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A Genome Wide Association Study of arabinoxylan content in 2-row spring barley grain

A Genome Wide Association Study of arabinoxylan content in 2-row spring barley grain

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Authors

  • Ali Saleh Hassan
  • Kelly Houston
  • Jelle Lahnstein
  • Neil Shirley
  • Julian G. Schwerdt
  • Michael J. Gidley
  • Robbie Waugh
  • Alan Little
  • Rachel A. Burton (Lead / Corresponding author)

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Original languageEnglish
Article numbere0182537
Pages (from-to)1-19
Number of pages19
JournalPLoS ONE
Volume12
Issue number8
DOIs
StatePublished - 3 Aug 2017

Abstract

In barley endosperm arabinoxylan (AX) is the second most abundant cell wall polysaccharide and in wheat it is the most abundant polysaccharide in the starchy endosperm walls of the grain. AX is one of the main contributors to grain dietary fibre content providing several health benefits including cholesterol and glucose lowering effects, and antioxidant activities. Due to its complex structural features, AX might also affect the downstream applications of barley grain in malting and brewing. Using a high pressure liquid chromatography (HPLC) method we quantified AX amounts in mature grain in 128 spring 2-row barley accessions. Amounts ranged from ~ 5.2 μg/g to ~ 9 μg/g. We used this data for a Genome Wide Association Study (GWAS) that revealed three significant quantitative trait loci (QTL) associated with grain AX levels which passed a false discovery threshold (FDR) and are located on two of the seven barley chromosomes. Regions underlying the QTLs were scanned for genes likely to be involved in AX biosynthesis or turnover, and strong candidates, including glycosyltransferases from the GT43 and GT61 families and glycoside hydrolases from the GH10 family, were identified. Phylogenetic trees of selected gene families were built based on protein translations and were used to examine the relationship of the barley candidate genes to those in other species. Our data reaffirms the roles of existing genes thought to contribute to AX content, and identifies novel QTL (and candidate genes associated with them) potentially influencing the AX content of barley grain. One potential outcome of this work is the deployment of highly associated single nucleotide polymorphisms markers in breeding programs to guide the modification of AX abundance in barley grain.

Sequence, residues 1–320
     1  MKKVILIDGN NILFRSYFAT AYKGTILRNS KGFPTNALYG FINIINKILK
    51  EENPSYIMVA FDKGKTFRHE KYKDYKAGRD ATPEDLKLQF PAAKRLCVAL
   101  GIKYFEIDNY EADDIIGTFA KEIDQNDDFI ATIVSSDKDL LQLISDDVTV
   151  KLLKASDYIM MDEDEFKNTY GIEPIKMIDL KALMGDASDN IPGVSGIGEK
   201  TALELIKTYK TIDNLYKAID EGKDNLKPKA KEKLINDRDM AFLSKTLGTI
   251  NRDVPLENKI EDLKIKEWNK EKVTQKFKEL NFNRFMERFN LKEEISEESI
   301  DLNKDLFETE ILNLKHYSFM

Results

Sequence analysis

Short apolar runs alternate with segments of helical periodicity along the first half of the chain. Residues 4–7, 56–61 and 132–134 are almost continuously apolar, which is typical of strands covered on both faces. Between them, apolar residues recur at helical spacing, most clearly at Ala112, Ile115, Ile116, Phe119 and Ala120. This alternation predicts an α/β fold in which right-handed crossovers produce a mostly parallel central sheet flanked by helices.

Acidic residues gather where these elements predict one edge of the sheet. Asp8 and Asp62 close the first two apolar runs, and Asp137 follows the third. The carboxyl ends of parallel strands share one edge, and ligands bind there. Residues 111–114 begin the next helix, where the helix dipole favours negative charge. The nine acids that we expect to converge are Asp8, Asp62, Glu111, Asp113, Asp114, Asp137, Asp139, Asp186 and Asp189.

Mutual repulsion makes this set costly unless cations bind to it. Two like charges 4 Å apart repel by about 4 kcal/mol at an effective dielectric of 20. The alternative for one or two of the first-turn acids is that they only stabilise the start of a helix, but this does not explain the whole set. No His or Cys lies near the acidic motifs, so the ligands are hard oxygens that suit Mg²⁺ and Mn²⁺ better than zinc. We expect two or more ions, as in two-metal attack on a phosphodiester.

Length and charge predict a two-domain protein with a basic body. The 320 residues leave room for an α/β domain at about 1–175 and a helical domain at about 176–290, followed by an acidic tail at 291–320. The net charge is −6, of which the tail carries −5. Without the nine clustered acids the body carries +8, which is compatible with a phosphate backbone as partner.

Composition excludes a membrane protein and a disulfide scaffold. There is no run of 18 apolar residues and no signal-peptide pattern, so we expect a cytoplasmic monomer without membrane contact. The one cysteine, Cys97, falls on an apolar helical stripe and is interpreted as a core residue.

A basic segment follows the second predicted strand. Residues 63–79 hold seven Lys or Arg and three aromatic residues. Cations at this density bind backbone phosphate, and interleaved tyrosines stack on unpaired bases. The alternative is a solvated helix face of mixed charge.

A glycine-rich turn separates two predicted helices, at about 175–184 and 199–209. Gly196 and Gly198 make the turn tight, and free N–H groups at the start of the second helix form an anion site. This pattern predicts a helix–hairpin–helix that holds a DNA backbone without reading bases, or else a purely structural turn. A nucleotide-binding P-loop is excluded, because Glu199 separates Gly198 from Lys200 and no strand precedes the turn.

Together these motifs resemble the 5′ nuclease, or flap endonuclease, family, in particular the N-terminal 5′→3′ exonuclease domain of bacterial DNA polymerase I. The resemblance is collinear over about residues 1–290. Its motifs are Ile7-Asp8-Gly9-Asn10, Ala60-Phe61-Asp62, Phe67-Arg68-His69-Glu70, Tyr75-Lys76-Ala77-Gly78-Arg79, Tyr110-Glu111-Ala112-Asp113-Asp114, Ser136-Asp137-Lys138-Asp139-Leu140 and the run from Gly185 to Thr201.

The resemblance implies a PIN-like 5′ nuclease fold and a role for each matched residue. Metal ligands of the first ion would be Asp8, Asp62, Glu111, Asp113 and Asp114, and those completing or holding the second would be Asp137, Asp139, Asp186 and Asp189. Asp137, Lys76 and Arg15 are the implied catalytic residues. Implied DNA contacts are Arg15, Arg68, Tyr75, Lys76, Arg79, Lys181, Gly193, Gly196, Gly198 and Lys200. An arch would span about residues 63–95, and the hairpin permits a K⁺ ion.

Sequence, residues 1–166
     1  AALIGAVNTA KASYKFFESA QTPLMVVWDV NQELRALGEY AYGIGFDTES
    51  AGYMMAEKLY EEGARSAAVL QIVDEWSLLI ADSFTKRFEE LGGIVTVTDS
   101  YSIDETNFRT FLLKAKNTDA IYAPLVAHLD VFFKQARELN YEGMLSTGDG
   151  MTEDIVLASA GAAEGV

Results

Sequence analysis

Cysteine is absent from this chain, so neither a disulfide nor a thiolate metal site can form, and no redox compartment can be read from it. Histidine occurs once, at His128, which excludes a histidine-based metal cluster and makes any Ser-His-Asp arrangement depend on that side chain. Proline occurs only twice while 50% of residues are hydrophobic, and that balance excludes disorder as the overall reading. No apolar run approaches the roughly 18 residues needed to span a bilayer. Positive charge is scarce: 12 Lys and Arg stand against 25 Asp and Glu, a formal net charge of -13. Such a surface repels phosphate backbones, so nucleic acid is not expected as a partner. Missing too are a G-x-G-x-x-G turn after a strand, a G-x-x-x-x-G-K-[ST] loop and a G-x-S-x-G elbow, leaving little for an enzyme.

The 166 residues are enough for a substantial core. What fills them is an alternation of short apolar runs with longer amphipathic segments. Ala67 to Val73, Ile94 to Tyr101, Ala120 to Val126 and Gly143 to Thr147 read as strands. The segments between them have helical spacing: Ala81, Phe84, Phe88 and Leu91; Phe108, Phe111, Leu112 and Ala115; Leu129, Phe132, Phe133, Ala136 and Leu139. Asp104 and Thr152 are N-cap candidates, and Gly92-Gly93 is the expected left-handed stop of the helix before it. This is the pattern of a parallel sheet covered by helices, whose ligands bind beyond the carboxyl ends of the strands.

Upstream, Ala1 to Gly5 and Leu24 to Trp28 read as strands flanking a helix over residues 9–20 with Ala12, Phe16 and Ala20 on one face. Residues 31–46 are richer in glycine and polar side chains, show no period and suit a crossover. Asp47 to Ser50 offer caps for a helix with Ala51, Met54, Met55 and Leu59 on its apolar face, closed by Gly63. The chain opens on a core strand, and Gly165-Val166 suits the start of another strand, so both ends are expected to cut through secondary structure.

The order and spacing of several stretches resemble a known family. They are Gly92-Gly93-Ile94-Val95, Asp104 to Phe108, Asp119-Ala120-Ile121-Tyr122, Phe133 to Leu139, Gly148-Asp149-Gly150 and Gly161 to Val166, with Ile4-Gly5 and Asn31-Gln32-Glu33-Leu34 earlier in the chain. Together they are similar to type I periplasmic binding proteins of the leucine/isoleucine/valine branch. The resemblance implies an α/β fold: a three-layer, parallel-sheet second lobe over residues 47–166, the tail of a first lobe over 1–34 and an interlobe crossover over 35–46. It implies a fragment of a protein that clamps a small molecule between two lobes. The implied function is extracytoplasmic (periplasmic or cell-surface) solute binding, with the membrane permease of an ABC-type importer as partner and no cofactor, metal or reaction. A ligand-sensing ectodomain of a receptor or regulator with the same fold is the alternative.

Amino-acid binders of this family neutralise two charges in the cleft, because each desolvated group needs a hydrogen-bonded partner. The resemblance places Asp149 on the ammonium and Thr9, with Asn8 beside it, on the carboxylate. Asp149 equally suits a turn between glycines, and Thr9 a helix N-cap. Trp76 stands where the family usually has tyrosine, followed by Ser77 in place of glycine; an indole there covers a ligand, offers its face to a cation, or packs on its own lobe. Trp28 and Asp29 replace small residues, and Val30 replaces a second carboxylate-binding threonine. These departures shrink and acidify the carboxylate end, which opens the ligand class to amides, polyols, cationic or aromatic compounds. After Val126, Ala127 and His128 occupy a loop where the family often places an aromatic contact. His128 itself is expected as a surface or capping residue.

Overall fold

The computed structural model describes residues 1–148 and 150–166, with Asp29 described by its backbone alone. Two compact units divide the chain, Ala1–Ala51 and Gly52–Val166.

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    © 2017 Hassan et al. This is an open access article distributed under the terms of the Creative Commons Attribution License, which permits unrestricted use, distribution, and reproduction in any medium, provided the original author and source are credited.

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